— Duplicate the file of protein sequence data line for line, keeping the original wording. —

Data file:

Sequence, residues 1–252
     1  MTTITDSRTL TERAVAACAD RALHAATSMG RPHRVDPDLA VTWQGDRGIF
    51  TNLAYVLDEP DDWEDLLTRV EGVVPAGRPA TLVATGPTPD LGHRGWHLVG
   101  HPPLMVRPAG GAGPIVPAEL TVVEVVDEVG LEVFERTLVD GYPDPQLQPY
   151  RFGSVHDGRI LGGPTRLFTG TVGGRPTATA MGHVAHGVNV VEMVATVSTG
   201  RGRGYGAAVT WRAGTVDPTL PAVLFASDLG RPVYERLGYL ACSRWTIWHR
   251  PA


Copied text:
Sequence, residues 1–252
     1  MTTITDSRTL TERAVAACAD RALHAATSMG RPHRVDPDLA VTWQGDRGIF
    51  TNLAYVLDEP DDWEDLLTRV EGVVPAGRPA TLVATGPTPD LGHRGWHLVG
   101  HPPLMVRPAG GAGPIVPAEL TVVEVVDEVG LEVFERTLVD GYPDPQLQPY
   151  RFGSVHDGRI LGGPTRLFTG TVGGRPTATA MGHVAHGVNV VEMVATVSTG
   201  RGRGYGAAVT WRAGTVDPTL PAVLFASDLG RPVYERLGYL ACSRWTIWHR
   251  PA